This argument has considerable force. But it is by no means clear either that it is valid or that the denationalizing of education would have the effects suggested. On grounds of principle, it conflicts with the preservation of freedom itself; indeed, this conflict was a major factor retarding the development of state education in England. How draw a line between providing for the common social values required for a stable society on the one hand, and indoctrination inhibiting freedom of thought and belief on the other? Here is another of those vague boundaries that it is easier to mention than to define.
In terms of effects, the denationalization of education would widen the range of choice available to parents. Given, as at present, that parents can send their children to government schools without special payment, very few can or will send them to other schools unless they too are subsidized.
Parochial schools are at a disadvantage in not getting any of the public funds devoted to education; but they have the compensating advantage of being funded by institutions that are willing to subsidize them and can raise funds to do so, whereas there are few other sources of subsidies for schools.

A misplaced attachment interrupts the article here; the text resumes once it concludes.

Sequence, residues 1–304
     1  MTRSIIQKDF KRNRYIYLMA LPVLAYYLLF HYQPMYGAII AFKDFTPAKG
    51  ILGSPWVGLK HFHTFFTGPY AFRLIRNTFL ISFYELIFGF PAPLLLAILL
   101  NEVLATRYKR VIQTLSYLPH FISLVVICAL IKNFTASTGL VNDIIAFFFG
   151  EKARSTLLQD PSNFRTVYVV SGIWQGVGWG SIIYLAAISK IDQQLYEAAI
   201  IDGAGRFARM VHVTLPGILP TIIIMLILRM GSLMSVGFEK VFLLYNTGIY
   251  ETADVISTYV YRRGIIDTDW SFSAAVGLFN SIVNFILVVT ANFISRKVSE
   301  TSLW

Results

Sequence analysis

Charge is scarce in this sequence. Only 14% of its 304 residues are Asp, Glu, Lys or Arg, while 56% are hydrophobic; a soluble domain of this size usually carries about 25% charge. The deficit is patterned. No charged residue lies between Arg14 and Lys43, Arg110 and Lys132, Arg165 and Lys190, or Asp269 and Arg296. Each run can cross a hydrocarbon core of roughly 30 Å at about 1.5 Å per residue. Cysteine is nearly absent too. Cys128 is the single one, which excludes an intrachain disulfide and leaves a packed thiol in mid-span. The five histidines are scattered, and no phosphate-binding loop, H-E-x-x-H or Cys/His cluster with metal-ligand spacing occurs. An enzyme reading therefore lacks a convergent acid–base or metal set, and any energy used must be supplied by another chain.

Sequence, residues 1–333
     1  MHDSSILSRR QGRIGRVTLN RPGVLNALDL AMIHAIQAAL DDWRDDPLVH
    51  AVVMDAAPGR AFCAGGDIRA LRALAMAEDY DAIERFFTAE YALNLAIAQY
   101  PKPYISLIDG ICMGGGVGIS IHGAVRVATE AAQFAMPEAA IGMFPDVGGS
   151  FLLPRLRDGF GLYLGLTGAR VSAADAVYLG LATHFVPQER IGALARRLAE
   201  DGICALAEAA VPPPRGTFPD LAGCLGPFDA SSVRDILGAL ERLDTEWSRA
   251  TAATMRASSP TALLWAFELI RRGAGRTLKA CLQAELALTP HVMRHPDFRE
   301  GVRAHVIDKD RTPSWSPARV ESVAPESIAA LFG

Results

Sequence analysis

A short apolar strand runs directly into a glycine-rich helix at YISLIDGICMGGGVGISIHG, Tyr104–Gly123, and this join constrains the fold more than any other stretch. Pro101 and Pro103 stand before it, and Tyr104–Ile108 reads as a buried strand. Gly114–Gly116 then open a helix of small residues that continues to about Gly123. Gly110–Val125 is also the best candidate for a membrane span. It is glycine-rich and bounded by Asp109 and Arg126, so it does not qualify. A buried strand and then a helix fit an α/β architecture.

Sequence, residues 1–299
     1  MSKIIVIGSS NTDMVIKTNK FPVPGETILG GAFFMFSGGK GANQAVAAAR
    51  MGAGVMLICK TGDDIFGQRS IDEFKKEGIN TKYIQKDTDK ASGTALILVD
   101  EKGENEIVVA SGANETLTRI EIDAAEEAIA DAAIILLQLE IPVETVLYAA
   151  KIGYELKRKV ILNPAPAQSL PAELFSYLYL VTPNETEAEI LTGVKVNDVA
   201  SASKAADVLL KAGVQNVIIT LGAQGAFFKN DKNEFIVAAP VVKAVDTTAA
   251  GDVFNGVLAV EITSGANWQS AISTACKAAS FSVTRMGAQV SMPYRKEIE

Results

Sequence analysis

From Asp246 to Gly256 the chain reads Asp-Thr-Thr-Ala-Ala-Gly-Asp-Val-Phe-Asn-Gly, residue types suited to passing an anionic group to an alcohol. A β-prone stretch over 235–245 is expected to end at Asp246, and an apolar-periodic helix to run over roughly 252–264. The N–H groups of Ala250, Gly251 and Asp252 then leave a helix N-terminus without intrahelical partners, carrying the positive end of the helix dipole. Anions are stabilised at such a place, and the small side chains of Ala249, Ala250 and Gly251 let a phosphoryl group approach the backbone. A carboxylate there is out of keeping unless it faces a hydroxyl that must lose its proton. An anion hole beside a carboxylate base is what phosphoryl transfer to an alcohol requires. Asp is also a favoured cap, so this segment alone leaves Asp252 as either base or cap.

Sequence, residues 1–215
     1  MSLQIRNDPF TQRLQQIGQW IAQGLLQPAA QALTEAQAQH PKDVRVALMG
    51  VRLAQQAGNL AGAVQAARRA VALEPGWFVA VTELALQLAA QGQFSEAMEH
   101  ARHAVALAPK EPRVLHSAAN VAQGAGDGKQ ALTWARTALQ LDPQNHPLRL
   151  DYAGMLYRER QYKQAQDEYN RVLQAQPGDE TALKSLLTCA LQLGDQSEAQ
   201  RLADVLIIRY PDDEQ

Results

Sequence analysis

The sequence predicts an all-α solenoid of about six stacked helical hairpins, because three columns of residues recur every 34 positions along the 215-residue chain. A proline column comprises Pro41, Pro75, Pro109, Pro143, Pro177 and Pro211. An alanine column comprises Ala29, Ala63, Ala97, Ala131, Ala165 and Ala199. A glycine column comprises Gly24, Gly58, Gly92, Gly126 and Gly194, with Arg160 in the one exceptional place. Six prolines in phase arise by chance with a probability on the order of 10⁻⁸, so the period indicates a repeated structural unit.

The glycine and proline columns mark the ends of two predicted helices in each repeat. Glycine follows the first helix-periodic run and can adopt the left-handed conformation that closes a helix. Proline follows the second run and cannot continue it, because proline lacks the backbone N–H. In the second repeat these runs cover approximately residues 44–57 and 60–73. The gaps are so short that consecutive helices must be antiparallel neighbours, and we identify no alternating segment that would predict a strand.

Let the subsidy be made available to parents regardless where they send their children — provided only that it be to schools that satisfy specified minimum standards — and a wide variety of schools will spring up to meet the demand. Parents could express their views about schools directly, by withdrawing their children from one school and sending them to another, to a much greater extent than is now possible. In general, they can now take this step only by simultaneously changing their place of residence.
For the rest, they can express their views only through cumbrous political channels. Perhaps a somewhat greater degree of freedom to choose schools could be made available also in a governmentally administered system, but it is hard to see how it could be carried very far in view of the obligation to provide every child with a place. Here, as in other fields, competitive private enterprise is likely to be far more efficient in meeting consumer demands than either nationalized enterprises or enterprises run to serve other purposes. The final result may therefore well be less rather than more parochial education.